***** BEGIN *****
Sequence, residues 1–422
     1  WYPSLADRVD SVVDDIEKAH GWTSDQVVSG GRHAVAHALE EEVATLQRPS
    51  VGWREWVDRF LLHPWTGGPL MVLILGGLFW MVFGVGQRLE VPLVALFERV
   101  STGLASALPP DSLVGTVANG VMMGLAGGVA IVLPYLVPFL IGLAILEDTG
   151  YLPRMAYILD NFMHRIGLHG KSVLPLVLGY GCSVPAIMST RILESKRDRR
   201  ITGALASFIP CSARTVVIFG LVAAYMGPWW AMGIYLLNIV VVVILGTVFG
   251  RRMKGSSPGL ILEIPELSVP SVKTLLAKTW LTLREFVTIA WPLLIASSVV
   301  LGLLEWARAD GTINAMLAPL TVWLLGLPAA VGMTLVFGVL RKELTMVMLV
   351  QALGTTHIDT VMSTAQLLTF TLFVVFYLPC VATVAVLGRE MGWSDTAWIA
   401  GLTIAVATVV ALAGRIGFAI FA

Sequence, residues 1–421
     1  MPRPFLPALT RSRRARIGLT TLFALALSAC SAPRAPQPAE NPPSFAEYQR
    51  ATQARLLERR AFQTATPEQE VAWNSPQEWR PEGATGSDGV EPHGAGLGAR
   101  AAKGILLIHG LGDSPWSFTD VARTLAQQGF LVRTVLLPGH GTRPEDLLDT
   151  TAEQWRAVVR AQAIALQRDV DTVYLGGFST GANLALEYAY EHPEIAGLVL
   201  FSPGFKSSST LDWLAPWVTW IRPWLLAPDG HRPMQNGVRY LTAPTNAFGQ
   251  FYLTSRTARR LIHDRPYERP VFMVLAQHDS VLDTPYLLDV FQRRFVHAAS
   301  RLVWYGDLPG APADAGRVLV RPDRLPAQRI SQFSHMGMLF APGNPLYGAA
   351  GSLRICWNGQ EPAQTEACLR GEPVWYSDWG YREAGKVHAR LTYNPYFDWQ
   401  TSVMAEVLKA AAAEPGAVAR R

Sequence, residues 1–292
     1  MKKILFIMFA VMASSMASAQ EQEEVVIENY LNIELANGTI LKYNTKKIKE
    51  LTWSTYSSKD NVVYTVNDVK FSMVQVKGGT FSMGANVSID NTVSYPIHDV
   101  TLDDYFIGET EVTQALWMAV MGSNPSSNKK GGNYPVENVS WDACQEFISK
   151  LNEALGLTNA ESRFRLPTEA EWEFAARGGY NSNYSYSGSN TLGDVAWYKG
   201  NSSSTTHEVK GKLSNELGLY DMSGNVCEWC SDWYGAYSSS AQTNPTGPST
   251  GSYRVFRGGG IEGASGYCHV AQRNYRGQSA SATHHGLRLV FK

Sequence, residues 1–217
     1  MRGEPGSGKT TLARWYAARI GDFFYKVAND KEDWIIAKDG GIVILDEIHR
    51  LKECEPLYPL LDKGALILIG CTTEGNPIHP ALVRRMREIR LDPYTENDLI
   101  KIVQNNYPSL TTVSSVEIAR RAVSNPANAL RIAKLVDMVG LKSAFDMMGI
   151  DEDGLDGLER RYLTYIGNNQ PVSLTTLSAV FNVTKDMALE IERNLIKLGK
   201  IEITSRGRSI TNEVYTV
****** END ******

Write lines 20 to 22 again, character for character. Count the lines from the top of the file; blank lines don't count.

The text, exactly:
   401  TSVMAEVLKA AAAEPGAVAR R

Sequence, residues 1–292
     1  MKKILFIMFA VMASSMASAQ EQEEVVIENY LNIELANGTI LKYNTKKIKE